The total healthcare costs of caring for people with Alzheimer’s and dementia are more than triple those of other people 65 and older, according to the Alzheimer’s Association’s 2009 Alzheimer’s Disease Facts and Figures that was released yesterday.
According to the report, nursing home and other health expenses averaged $33,007 annually for people with dementia or Alzheimer’s, compared with $10,603 for people 65 and older without the disease.
The figures are based on 2004 data and include average per-person Medicare, Medicaid and private insurance costs.
About 10 million caregivers — most of which are family members — provided 8.5 billion hours of unpaid care for Alzheimer patients in 2008.
"These statistics paint a bleak picture of what's going to happen ... unless we invest in solutions" to delay onset and prevent the disease, Angela Geiger, the association’s chief strategy officer, said in a phone interview.
The Alzheimer’s Association is calling on Congress and President Obama to double research funding for the incurable illness by 2011, to $1 billion a year.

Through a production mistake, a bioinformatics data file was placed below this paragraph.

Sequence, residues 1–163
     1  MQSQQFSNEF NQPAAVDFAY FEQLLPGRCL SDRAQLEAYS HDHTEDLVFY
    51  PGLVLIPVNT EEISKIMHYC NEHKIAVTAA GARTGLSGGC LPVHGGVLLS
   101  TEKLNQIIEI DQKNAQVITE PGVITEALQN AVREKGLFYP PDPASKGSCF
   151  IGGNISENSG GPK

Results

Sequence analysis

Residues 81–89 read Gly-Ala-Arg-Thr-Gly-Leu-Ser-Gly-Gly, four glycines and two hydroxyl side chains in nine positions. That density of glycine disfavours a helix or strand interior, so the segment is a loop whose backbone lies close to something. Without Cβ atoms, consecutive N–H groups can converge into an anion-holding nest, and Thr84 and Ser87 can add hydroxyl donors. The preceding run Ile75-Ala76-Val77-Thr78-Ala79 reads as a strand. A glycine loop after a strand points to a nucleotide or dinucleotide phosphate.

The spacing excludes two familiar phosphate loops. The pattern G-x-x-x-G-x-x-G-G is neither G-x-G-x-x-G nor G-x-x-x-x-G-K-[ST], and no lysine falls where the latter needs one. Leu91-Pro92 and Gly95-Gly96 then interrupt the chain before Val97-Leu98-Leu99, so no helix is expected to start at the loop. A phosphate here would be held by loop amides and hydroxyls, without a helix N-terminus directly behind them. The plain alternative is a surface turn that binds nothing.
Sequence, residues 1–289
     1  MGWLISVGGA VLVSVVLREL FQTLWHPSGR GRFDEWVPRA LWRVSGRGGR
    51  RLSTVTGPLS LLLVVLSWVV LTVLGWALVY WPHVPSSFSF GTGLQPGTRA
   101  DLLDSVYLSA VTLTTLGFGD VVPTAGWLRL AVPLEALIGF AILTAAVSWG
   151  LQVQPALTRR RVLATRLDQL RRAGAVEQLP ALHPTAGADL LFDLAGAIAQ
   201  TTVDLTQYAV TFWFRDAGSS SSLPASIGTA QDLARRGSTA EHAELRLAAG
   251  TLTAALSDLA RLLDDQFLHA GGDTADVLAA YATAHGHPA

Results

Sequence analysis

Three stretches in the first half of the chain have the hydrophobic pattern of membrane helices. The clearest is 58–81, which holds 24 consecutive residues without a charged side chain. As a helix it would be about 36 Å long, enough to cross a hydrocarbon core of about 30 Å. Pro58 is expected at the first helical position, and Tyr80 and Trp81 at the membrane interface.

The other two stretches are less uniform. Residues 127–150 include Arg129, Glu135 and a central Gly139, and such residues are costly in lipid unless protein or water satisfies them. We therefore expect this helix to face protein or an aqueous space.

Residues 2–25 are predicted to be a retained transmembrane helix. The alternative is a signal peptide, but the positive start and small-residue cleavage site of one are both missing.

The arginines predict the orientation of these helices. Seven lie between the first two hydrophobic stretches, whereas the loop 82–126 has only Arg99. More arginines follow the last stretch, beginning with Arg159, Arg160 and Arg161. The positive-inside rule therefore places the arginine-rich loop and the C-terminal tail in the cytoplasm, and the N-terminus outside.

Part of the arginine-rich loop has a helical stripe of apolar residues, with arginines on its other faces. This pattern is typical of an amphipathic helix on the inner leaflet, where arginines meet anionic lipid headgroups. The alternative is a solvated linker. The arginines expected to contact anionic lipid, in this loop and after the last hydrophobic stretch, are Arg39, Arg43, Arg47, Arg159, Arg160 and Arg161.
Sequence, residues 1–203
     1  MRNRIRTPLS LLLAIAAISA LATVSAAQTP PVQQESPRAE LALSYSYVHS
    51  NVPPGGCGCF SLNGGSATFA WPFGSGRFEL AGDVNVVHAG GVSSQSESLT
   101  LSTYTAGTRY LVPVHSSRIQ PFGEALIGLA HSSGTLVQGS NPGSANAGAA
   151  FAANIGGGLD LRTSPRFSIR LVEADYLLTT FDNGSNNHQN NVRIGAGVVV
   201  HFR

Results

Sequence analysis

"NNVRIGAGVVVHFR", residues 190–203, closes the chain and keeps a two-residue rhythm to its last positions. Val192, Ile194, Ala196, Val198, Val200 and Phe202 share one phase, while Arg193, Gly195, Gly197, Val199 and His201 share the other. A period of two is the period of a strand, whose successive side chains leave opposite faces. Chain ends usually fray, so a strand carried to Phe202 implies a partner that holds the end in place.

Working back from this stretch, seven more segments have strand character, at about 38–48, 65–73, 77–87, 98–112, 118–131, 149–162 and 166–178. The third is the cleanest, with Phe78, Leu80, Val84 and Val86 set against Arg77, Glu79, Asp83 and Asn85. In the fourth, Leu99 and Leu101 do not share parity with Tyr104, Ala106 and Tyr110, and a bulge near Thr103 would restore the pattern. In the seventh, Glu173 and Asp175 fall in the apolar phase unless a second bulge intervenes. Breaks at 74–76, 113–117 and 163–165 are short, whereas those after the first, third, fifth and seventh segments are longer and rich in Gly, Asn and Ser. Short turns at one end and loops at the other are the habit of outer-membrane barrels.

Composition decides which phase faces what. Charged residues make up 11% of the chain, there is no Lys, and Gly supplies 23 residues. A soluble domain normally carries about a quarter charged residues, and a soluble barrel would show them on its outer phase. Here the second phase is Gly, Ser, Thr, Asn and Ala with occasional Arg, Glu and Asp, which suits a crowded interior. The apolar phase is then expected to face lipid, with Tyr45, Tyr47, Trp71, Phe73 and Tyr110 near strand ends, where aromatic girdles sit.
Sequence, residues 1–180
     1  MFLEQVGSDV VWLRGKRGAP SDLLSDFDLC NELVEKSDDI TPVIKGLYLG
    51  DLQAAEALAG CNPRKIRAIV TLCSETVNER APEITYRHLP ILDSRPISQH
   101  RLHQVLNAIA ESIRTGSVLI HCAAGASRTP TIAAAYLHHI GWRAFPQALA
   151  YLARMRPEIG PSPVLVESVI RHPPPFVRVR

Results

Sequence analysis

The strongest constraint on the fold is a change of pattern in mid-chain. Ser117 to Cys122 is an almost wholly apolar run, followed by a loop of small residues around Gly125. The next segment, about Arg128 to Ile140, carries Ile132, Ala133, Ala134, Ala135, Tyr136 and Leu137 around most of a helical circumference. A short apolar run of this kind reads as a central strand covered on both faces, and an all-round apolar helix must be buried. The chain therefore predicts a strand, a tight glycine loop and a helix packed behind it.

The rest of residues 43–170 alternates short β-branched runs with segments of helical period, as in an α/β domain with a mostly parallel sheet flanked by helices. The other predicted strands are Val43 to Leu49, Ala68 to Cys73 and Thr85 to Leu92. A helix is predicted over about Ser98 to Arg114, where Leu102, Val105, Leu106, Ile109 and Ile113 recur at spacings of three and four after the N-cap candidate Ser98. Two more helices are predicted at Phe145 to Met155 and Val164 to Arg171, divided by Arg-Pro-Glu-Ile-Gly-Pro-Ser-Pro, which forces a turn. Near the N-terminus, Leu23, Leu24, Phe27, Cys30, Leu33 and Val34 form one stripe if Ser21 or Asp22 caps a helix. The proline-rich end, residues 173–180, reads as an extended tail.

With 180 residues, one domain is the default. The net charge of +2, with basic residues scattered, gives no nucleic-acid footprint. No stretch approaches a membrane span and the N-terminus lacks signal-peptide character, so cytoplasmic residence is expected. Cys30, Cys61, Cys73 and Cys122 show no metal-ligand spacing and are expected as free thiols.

An estimated 26 million people worldwide are currently living with Alzheimer’s disease. By 2050 that number is expected to quadruple. To put it another way, every 71 seconds a person gets Alzheimer’s disease. By the year 2050, that figure will change to every 33 seconds.
Alzheimer's attacks brain cells, killing some and weakening the effectiveness of others. The most obvious symptom of Alzheimer's is the loss of memory and the associated inability to recognize friends and loved ones. Usually the disease strikes slowly and the symptoms go unnoticed or are discounted. Eventually the victim has difficulty expressing thoughts and performing common activities.
The tangles and plagues associated with Alzheimer’s act as weeds that suffocate the healthy brain tissues causing it to die.
“There are no available treatments that can delay, prevent or reverse Alzheimer disease and for the last six years research has been stagnant. With the first baby boomers turning 65 in just two short years – and entering the arena of increasing risk for developing the disease – an aggressive plan is needed now to address the threat of this disease,” said Harry Johns, Alzheimer’s Association CEO.
Alzheimer’s disease is the sixth leading cause of death in the country, surpassing diabetes; it is the fifth leading cause of death among individuals 65 and older.
From 2000 to 2006, while breast, heart disease, stroke and prostate cancer deaths declined, Alzheimer's deaths surged to 47 percent. #